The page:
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Social class and postcode determine students' access to highly paid careers

Top universities have fewest entrants from 'disadvantaged' backgrounds

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‘Priority’: Junior minister for higher education Mary Mitchell O’Connor. Photo: Fergal Phillips

‘Priority’: Junior minister for higher education Mary Mitchell O’Connor. Photo: Fergal Phillips

‘Priority’: Junior minister for higher education Mary Mitchell O’Connor. Photo: Fergal Phillips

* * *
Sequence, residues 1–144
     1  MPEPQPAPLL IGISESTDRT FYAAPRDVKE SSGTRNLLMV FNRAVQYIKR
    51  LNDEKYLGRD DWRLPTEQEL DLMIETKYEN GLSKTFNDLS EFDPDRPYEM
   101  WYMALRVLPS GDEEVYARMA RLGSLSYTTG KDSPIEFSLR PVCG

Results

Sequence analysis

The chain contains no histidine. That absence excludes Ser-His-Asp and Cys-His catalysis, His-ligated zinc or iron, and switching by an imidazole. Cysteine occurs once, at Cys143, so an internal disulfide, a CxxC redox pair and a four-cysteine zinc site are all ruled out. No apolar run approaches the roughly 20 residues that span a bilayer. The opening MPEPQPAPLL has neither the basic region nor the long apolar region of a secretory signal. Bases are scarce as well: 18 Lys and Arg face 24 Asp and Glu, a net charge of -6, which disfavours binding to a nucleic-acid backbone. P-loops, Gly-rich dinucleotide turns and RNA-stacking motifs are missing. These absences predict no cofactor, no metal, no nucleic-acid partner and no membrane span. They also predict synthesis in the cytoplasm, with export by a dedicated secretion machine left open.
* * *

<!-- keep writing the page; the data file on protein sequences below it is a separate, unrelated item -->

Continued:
Social class speaks volumes when it comes to a student's chances of going to college, the sort of degree they study, and how much they earn in their first job.

The most detailed breakdown ever of the socio-economic and geographic background of third-level students paints a disturbing picture of the extent to which postcode determines study and career chances.

The divide is already obvious in Leaving Cert results, with school-leavers from affluent backgrounds most likely to achieve high CAO points, giving them more of a choice of college courses: 32pc of those with 555-600 points were from the wealthiest families, compared with 3pc from the most disadvantaged.


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